It will not work because an entire people cannot be degraded through military means. What is happening in Afghanistan is a civil war in which the Americans have become a party with the Tajiks, Uzbeks and others of the so-called Northern Alliance against the Pakhtuns.

The Pakhtuns, who constitute a vast majority of the Taliban, will fight on as long as they are not given a clear stake in any post-war arrangement. They are also not willing to have the Americans stay on as a check on them.

By breaking a few of the militants by bribes or threats, as the US is doing, will not end the war. They will be seen as traitors and will be eliminated. Just this year nearly two hundred American collaborators have been murdered in Afghanistan. This will continue. The Pakhtuns will fight for generations and Americans will have to do the same if they want to hold Afghanistan on their own terms.

This is something that Pakistan has been trying to impress upon the Americans but with little success. Instead, the US military has found a scapegoat in Pakistan for its failure in this decade-long war. Its leadership both political and military also thinks that Pakistan is not cooperating because of its military, not the civilian leadership. This has made the Pakistani army and the ISI its consistent targets, and the US media and think tanks follow the line.

This brings me to the second possible reason for this terrible attack on the Pakistani border posts. It was designed to tarnish the Pakistan army by showing it to be helpless against American military prowess. If one stretches this a bit further, the timing too becomes important. It was done at a time when the civil government was under terrible pressure because of the Memogate scandal.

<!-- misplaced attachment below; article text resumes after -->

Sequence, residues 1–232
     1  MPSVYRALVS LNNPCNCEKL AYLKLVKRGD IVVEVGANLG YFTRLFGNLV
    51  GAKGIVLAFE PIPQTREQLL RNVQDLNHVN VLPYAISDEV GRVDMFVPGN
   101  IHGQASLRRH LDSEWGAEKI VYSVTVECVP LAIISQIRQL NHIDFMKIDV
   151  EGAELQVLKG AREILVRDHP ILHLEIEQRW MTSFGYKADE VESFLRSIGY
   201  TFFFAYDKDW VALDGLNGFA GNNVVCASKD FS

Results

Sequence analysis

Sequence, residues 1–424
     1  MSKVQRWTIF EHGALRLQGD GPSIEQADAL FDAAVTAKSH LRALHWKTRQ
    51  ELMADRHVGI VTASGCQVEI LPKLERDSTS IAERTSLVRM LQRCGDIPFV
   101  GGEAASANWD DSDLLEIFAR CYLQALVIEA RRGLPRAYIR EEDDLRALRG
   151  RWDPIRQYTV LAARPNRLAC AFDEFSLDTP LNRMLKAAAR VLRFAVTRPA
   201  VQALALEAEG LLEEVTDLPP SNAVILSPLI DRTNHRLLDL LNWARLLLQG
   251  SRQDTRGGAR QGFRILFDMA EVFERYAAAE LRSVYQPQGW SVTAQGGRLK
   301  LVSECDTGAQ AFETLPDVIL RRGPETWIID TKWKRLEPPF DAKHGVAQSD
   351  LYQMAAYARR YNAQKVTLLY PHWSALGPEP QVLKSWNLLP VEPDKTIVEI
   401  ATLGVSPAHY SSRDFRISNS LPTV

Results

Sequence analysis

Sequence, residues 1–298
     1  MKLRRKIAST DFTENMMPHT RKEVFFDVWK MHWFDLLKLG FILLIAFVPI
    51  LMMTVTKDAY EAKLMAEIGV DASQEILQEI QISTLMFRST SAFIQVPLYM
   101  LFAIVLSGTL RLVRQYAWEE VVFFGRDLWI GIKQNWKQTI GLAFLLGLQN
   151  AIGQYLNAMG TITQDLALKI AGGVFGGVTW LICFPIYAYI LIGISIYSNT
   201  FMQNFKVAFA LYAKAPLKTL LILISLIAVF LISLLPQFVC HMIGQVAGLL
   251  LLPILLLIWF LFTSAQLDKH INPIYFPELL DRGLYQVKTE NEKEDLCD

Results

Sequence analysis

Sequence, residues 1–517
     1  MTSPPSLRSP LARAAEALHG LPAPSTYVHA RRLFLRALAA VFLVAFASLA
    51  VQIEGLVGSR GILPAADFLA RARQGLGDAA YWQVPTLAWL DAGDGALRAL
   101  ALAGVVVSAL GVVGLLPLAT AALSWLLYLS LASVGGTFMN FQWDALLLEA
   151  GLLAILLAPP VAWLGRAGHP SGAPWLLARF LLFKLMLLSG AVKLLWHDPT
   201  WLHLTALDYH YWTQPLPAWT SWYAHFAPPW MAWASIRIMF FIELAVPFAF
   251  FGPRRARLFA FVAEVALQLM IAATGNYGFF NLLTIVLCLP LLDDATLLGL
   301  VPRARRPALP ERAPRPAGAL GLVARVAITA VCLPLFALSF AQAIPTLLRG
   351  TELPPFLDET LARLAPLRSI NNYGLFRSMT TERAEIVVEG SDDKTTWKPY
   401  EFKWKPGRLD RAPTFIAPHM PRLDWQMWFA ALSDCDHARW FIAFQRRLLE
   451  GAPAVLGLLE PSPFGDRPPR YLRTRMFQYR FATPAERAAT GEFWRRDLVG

This is not as farfetched as it sounds because, as many have observed, the attack has turned the focus away from the memo scandal and raised questions about our armed forces’ ability to respond. In an odd way, it has also made the political arrangement at the top necessary because who would want instability at this point in time.

Another motive, and there is no reason why only one objective is sought to be achieved by a particular operation. For example, I have little doubt that the Abbottabad incident, while getting rid of Osama, was also designed to humiliate the Pakistani armed forces. Similarly, multiple objectives could have been a part of this blatant assault.

Thus, another motive could be to increase the threshold of acceptance within Pakistan of US military operations on its territory. This happened with the drone attacks. The first one was greeted with great outrage but since then little notice is taken of them. Maybe the Americans wanted to see how much of a reaction would come from Pakistan if it soldiers are deliberately murdered.

There is little doubt that we are being put to a test. If we remain firm in our resolve and continue with the blockade, unless an apology is issued at the highest level in the United States, we should not relent. We should also seek a serious commitment in writing that something similar would never happen again. If these conditions are not met, we should be ready to face the consequences.

A time comes in the history of nations, when resolve is needed. It has arrived for us. Is our leadership, both civil and military up to the challenge?